David and Goliath….it’s ALL about God


Bob Deffinbaugh, at Bible.org:

david-and-goliathIn the end, it is not so much that David is great, but that the God he serves, the God who went before him, is great. Saul seems to focus on the size of the enemy rather than on the size of God. God always seems to give us enemies who are much greater than we are, so that we fight in our weakness, trusting in God and not in ourselves, giving Him the glory, rather than taking the credit ourselves.

When we come to David, we come to God’s chosen king. This is the one whose seed will be the promised Messiah, whose kingdom will have no end. And so David often provides us with a foreshadowing of Christ. Our text is no exception. David is a prototype of Christ, as Goliath is a prototype of Satan. Satan has the whole world trembling in fear of him and of death (see Hebrews 2:14-15). We, like the Israelites of old, are powerless to defeat him. What we cannot do for ourselves, Christ has done for us, just as David fought Goliath for Saul and the Israelites. Satan has a death grip on lost sinners. There is nothing we can do to save ourselves. Jesus came and took on Satan one-on-one, and He won the victory. David did it by killing Goliath. Jesus did it by being crucified on the cross of Calvary. But after He died to pay the penalty for our sins, He rose from the grave, triumphant over Satan, sin, and death. It was winner take all, and Jesus won by dying and by rising from the dead. All who acknowledge their sin, and who forsake trusting in themselves by placing their trust in Jesus Christ, have the forgiveness of sins and the assurance of living eternally in His kingdom. Thank God for our Champion, the Lord Jesus Christ.

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One thought on “David and Goliath….it’s ALL about God

  1. I Samuel Chapter 17 is an especially well-known chapter of God’s Word. It contains the true historical account of David and Goliath. You may remember this tale fondly from childhood Sunday School, but it contains innumerable and invaluable lessons for Christians of all ages.

    One thing that stands out is the number of times the Holy Spirit tells us that the armies, both of the Philistines and the Israelites, were “in array.” (Verses 2,8,21) The Hebrew word is “arak,” and it means “arranged” or “placed in a special order.” The king of the army of the Philistines and the king of the army of the Israelites (Saul) both had plans in mind for how the battle was supposed to go.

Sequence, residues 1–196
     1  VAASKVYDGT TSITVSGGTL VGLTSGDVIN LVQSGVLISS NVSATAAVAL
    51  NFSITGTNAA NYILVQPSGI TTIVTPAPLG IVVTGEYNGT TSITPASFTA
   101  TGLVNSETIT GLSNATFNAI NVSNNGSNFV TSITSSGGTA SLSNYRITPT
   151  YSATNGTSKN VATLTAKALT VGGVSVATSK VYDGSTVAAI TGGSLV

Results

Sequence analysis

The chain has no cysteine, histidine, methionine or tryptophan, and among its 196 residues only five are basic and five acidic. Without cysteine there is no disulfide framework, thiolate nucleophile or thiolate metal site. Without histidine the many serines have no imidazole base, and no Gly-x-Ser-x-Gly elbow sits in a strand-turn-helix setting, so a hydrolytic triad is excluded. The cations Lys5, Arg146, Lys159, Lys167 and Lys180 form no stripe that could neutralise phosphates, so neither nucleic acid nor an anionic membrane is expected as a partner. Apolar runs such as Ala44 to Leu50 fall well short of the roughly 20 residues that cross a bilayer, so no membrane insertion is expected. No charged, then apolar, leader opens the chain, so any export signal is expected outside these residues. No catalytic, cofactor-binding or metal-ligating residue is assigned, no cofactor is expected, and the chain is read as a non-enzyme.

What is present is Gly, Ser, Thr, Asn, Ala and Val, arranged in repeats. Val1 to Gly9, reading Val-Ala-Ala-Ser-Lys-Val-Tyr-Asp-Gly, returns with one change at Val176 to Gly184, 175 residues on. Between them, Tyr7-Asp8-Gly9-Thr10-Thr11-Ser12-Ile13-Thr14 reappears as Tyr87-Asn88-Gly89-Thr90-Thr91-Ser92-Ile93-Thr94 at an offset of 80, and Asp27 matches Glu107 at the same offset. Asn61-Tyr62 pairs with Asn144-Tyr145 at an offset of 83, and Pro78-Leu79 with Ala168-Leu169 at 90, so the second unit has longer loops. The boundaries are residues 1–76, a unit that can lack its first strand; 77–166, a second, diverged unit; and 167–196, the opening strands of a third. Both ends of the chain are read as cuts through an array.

However, we might wonder how confident Saul was in his military arrangement. When Goliath the Philistine giant stepped forward to taunt the Israelite army and their God, the Bible tells us that King Saul was “dismayed.” (Verse 11) In fact, both he and his army were dismayed and afraid. The Hebrew word for dismayed is “chathath,” and it describes someone who trembles with such fear that it is as if he has shattered into pieces and is utterly useless.

    When David comes onto the scene, he is indignant that this uncircumcised heathen giant would dare to mock the One True and Living God of Israel. David, who will eventually replace Saul as king, is neither arrayed, dismayed, nor afraid. He sees Goliath as an infuriating fool with a head full of rocks, and through the strength, power, and providence of God, David is determined to add one more rock to the giant’s hard head. (Verse 49)

    Samuel, the prophet after whom I Samuel is named, was used of God to anoint both Saul and David as king, in their turns. In Chapter 2, Samuel’s mother, Hannah, had spoken prophetically when she praised the Lord like this: “The adversaries of the LORD shall be broken to pieces; out of heaven shall he thunder upon them: the LORD shall judge the ends of the earth; and he shall give strength unto his king, and exalt the horn of his anointed.” (I Samuel 2:10) The word for “broken to pieces” was “chathath,” the same word translated “dismayed” in Chapter 17. King Saul was broken with fear of Goliath because He did not fear God. David chopped Goliath into pieces because he ONLY feared God.

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